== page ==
Given Porsche has opted for the most evolutionary approach of the big ‘three’ however, Toyota could well have more untapped potential to extract from its machinery as the season goes on.
Either way, one thing is for sure: if the Toyota is up to the job of winning, its drivers certainly are too. Davidson, Sebastien Buemi and Kazuki Nakajima still represent one of the most potent line-ups on the grid, even if we didn’t see too much of them last year, while ex-F1 star Kamui Kobayashi should slot in seamlessly alongside Mike Conway and Stephane Sarrazin in place of the semi-retired Alexander Wurz, who continues with the team this season in an unofficial reserve driver role.
LMP1-L - same old, same old?
Once again, just three cars are entered for the LMP1-L class this year – two R-One machines from Rebellion Racing and ByKolles’ sole CLM P1/01. Both teams were well off the pace of the manufacturers last season, and there’s little to suggest that things will change on that front in 2016, but at least both squads will start the season enjoying a great deal more stability than they did this time a year ago.
Rebellion missed the first two rounds of the 2015 campaign as it grappled with a change of engine supplier (going from Toyota units to AER), but with no such off-season upheaval this winter, the team has been able to rack up a respectable amount of testing mileage and ought to hit the ground running at Silverstone. A switch to Dunlop tyres should also come as a boost, as the team will no longer have to run the Michelins designed with the manufacturer teams in mind.
There’s relative calm on the driver front too, as Nelson Piquet Jr joins fellow Formula E drivers Nick Heidfeld and Nicolas Prost in the #12 car for Silverstone, Spa and Le Mans before Mathias Beche returns to see out the season.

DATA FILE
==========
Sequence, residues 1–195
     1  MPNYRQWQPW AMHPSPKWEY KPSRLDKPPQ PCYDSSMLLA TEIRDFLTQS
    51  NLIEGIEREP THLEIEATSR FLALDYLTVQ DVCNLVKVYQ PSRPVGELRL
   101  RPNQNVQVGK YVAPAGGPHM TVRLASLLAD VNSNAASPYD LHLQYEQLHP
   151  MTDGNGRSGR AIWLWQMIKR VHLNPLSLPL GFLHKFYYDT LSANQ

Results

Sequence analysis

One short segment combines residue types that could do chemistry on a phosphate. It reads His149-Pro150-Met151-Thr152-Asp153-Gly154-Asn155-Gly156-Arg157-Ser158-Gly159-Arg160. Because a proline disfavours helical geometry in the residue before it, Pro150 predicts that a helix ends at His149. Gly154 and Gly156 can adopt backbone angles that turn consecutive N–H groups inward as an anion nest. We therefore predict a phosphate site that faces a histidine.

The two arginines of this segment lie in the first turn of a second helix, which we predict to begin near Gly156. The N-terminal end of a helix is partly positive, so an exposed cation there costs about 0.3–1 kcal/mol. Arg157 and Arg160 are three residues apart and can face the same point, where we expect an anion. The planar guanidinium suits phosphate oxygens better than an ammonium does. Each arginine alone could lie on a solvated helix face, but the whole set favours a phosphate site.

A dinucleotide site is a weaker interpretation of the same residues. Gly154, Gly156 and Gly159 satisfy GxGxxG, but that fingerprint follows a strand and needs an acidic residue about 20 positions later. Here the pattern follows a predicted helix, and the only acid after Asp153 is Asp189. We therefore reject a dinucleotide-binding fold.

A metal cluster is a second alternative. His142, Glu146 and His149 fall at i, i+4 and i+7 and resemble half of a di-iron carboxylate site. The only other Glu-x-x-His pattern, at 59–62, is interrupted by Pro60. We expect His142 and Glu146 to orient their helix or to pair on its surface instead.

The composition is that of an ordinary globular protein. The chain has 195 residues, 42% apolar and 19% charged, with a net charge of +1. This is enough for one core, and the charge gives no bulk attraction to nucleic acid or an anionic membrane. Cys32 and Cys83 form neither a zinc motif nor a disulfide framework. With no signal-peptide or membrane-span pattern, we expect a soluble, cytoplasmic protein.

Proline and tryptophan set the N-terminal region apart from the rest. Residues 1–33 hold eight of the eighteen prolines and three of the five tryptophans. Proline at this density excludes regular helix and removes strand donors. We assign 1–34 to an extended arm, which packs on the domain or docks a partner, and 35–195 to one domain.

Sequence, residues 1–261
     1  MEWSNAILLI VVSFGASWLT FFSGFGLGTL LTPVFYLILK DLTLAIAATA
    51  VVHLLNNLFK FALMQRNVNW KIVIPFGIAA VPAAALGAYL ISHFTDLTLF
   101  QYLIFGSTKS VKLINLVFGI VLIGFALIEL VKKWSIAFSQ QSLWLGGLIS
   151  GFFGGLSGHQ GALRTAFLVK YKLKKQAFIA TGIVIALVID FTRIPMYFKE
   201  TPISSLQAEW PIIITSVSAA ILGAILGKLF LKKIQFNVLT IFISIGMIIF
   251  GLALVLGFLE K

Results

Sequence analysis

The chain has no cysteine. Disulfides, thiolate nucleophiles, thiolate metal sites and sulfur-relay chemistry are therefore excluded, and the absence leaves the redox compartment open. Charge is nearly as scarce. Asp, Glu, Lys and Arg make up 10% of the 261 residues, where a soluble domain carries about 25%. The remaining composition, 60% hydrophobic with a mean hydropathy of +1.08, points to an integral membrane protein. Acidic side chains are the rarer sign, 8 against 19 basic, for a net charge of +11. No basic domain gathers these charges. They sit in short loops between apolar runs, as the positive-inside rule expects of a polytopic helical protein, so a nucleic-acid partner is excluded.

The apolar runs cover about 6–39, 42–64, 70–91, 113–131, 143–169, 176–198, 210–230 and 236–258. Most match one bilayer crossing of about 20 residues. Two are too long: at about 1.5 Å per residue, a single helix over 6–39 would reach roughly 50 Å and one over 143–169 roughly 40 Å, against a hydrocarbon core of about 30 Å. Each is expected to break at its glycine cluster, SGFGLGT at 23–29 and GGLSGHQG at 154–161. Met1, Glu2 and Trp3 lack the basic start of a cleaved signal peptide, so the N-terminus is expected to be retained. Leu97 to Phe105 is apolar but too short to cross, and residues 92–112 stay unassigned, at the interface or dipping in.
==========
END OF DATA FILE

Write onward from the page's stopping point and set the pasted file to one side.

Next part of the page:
The #13 car boasts the same line-up it finished last year with, Dominik Kraihamer and Alexandre Imperatori once again being joined by recent single-seater convert Matheo Tuscher.
Over at ByKolles – whose AER-powered, Dunlop-shod CLM P1/01 can trace its roots back to the LMP2 Lotus T128 that raced in 2013 – there have been developments over the winter too, particularly in the aerodynamic and suspension departments, that the team hopes will help close the gap to Rebellion, which was around 1.5-2 seconds a lap at most tracks last year in qualifying trim.
Simon Trummer and Pierre Kaffer both return from last season, joined by new recruit Oli Webb, the team’s sole driver at Paul Ricard – although Kaffer’s absence from Silverstone and Spa means James Rossiter will be making his WEC comeback before making way for the German at Le Mans.
Inside WEC previews the 6 Hours of Silverstone:
Check back later today (Thursday) for part two of our preview, which will look at the LMP2, GTE-Pro and GTE-Am contenders.